National Security Must Be Top Priority for Akufo-Addo

The decision by the President, Nana Addo Dankwa Akufo-Addo, to significantly expand and strengthen the reach and the capacity of the Ghana Armed Forces (GAF) could not have come at a better time. To be certain, it may even be long overdue (See “Gov’t Approves Expansion of Armed Forces to Deal with Security Threats – Akufo-Addo” 8/14/22). We are reliably informed that the rationale for expanding and strengthening the combat capacity and preparedness, as well as the effectiveness, of the GAF is also a step in the right direction, even assuming that Ghana and the ECOWAS Subregion were not under any violent security threats, both internally and externally. The fact of the matter is that both the integrity and the sovereignty of the 16, or so, countries that make up the Economic Community of West African States (ECOWAS) have been smack on the frontlines of external aggression and perennial external destabilization since time immemorial. That was how the globally infamous Trans-Atlantic Slave Trade came into existence and profoundly altered the lives and identities of a significant percentage, if not the overwhelming majority, of postcolonial Africans.

Of course, the global community has since changed significantly for the better in many remarkable ways; but it also goes without saying that as the most vulnerable geographical region in the world, both economically and strategically, Ghana and the ECOWAS Subregion cannot afford not to healthily grow and expand in ways that stand to ensure our long-term survival and prosperity as bona fide members of an increasingly socioeconomically and culturally organic mega-community. It is also ironic but equally significant to note that about the only other Fourth-Republican Government that seriously took account of the military strength and the security of the country was the John Agyekum-Kufuor-led government of the New Patriotic Party (NPP). For the most part, the “revolutionary” Chairman Jeremiah “Jerry” John Rawlings-led junta of the Provisional National Defense Council (PNDC), which preceded the administration of the proverbial “Gentle Giant,” had been fixated and obsessed with the stockpiling of small arms and munitions, primarily for the internal control and the total repression of the Ghanaian citizenry and the entrenchment of itself. Which is precisely why today, even as I write, the Ghana Armed Forces is ranked nowhere near the top 10 most formidable military establishments on the African Continent.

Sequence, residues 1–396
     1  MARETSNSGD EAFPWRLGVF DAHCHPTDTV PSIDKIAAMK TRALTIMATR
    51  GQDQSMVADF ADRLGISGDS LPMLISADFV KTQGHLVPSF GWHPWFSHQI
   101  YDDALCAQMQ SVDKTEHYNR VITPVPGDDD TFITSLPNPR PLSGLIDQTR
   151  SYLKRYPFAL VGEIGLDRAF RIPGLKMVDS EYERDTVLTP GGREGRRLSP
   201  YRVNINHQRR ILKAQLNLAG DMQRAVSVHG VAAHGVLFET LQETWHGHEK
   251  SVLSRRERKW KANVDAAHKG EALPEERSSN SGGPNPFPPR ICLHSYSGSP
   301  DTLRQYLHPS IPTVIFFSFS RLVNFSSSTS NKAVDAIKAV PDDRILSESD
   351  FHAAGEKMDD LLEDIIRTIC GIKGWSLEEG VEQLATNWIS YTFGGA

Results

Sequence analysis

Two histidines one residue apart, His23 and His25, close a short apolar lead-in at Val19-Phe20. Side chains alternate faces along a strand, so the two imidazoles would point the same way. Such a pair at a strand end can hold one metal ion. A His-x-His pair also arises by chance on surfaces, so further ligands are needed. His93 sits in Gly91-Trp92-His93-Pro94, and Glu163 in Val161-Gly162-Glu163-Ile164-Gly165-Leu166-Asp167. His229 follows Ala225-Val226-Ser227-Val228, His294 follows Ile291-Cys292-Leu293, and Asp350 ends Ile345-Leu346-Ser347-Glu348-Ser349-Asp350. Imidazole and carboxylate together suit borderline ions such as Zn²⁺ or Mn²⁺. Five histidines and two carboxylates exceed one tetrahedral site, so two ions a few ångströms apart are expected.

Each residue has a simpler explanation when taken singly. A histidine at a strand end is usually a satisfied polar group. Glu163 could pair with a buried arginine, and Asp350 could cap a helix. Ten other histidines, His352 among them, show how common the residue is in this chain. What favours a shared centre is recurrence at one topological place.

This is ironic because on the global diplomatic and political front, even as was recently attested by the newly appointed United States’ Ambassador to Ghana, Ghana is almost without any coequal or rival in the ECOWAS Subregion when it comes to progressive and socio-politically responsible leadership and power-brokering for the peace and stability of the region. Numerically and spatially speaking, of course, Ghana ranks smack among the smallest countries on the African Continent. However, in terms of her role in both global politics and economics, but for the criminally gross mismanagement of the country’s considerable wealth and resources by a civically alienated crop of thoroughgoing corrupt leaders, Ghana would today be an enviable and emulative model of economic development like Singapore, Taiwan and many of the most prosperous Asia-Pacific countries.

We also need to recognize the incontrovertible fact that in Ghana’s Fourth Republic, absolutely no other leader has been faced with greater internal national security threat and risk than President Akufo-Addo, largely to do with the pathologically criminal tendencies of the leadership of the country’s present main political opposition party establishment, namely, the Flt-Lt. Rawlings-founded National Democratic Congress. To-date, like the Donald John Trump-led Republican Party right here in the United States of America, the National Democratic Congress continues to pose a great security threat and a palpable danger to the stability and the healthy development of Ghana’s still young and fledgling but robust democratic culture. So, while he has yet to come public with it, the fact still stands that the greatest danger to Ghana’s security may not necessarily be externally oriented. To be certain, we have our own internal network of terrorists who are widely known to be closely associated with the leadership of the National Democratic Congress, as well witnessed in the wake of the kidnapping of the three young, white Canadian women NGO volunteers not very long ago.

Now, what the foregoing observation means is that the entire national security apparatus of the country needs to be revamped and oriented towards a multipurpose objective that can evenly tackle both external and internal attempts to destabilize and derail our hard-won democratic and civilized political culture simultaneously. This is the one area of our national development efforts that President Akufo-Addo is apt to leave the most lasting and far-reaching legacy. Of course, this is clearly aside from the President’s phenomenal achievements in education, health, agriculture, information technology and transportation. The list is almost inexhaustible, to be certain.

Source: Modern Ghana